A company must then do a third cut. If it has treated a piece of equipment as a separate asset for any other federal income tax purpose, then it is bound by that division. An example is where a power company claims a loss on grounds that it abandoned X asset. It cannot claim later than an asset like X is actually part of a larger unit of property.
The new rules do not apply to “network assets.” Examples of network assets are oil and gas pipelines, electric transmission and distribution lines, gas, water and sewer mains, and telephone and cable lines. The IRS is still struggling to come up with rules for them.
The IRS declined to set a single percentage that in all cases would be considered material. However, it appears that an increase of at least 25% in value will always be material.
The IRS said it would use a “Plainfield-Union test,” named after a court decision that the agency had refused to accept in the past, for testing whether spending has materially increased the value of an asset or substantially prolonged its useful life. By definition, any repair to a piece of equipment that is broken increases its value or extends its life. The IRS said the comparison should be done by looking at the equipment before the event that necessitated the repair.
Spending is an improvement — rather than a repair — if it substantially prolongs the useful life of an asset. Larger companies that assign a useful life to particular kinds of assets on “applicable financial statements” will be required to use that life for purposes of comparison. The agency said the useful life is “substantially” prolonged if it is extended by more than one tax year beyond when it was originally expected to have to be retired.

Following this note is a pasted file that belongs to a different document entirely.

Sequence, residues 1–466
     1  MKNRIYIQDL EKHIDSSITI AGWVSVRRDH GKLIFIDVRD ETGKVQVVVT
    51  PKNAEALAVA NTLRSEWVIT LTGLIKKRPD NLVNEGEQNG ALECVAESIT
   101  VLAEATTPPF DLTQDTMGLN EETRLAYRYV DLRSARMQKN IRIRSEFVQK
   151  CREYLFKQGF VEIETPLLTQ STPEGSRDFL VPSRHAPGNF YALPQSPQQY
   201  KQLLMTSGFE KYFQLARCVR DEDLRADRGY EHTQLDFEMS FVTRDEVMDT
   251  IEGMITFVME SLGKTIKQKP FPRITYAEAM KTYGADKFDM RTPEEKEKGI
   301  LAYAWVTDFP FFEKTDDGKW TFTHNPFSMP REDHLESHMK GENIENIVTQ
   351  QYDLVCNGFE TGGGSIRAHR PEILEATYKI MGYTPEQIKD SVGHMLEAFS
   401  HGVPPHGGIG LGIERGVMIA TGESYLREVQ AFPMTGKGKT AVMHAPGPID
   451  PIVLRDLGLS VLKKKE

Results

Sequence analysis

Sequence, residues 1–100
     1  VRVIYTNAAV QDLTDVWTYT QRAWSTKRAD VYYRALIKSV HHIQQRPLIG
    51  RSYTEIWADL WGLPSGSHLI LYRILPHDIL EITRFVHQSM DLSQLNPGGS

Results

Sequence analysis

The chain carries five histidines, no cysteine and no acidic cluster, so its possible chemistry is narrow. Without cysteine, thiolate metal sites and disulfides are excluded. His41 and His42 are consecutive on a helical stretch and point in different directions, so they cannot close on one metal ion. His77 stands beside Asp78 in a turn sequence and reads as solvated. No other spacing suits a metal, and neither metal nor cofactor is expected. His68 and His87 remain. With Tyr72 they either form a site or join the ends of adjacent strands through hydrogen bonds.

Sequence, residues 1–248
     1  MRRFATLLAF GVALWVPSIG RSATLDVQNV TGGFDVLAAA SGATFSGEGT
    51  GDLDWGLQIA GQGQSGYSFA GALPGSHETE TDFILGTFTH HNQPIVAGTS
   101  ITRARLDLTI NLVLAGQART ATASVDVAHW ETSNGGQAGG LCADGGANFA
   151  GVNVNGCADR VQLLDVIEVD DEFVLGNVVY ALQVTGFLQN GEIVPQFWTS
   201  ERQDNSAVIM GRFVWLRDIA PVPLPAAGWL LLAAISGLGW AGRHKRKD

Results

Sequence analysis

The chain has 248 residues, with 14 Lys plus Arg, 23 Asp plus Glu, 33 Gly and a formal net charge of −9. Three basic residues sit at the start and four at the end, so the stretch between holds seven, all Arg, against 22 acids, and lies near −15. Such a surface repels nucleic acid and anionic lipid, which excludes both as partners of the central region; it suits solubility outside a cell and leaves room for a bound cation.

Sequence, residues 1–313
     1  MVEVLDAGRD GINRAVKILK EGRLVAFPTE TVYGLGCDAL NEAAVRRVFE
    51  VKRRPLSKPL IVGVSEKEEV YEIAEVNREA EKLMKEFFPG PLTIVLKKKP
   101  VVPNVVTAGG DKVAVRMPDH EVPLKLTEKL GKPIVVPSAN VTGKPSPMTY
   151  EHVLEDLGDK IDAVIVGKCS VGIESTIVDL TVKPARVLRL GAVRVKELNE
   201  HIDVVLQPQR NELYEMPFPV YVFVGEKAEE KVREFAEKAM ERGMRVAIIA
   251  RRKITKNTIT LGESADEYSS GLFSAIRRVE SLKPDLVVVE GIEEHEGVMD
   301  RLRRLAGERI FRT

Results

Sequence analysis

Finally, the IRS said it would let companies claim an annual repair allowance. An amount of spending each year up to the allowance can be deducted. Any spending above that would have to be “capitalized,” or added to the tax basis of assets. A company would have to file an election if it is willing to agree to this. Once an election is made, then a company will be bound by it for all future years unless it can persuade the IRS to let it revoke the election.
The proposed regulations include the repair allowance percentages. For example, annual spending on all equipment that is classified as 5-year MACRS property for depreciation could not exceed 10% of the original cost of such property. An example of 5-year property is a wind farm, solar power project or a power plant that burns biomass as fuel. The proposed repair allowance for 15-year property is 3.33% a year. It is 2.5% a year for 20-year property. An example of 15-year property is a simple-cycle power plant that burns gas. An example of 20-year property is a coal-fired power plant or combined-cycle power plant that burns gas.
The IRS is collecting comments on the new rules until November 20. They will not take effect until they are republished in final form. Meanwhile, the new business plan the IRS released in mid-August said the agency is working on a separate revenue ruling about when amounts that power companies spend on maintenance can be deducted.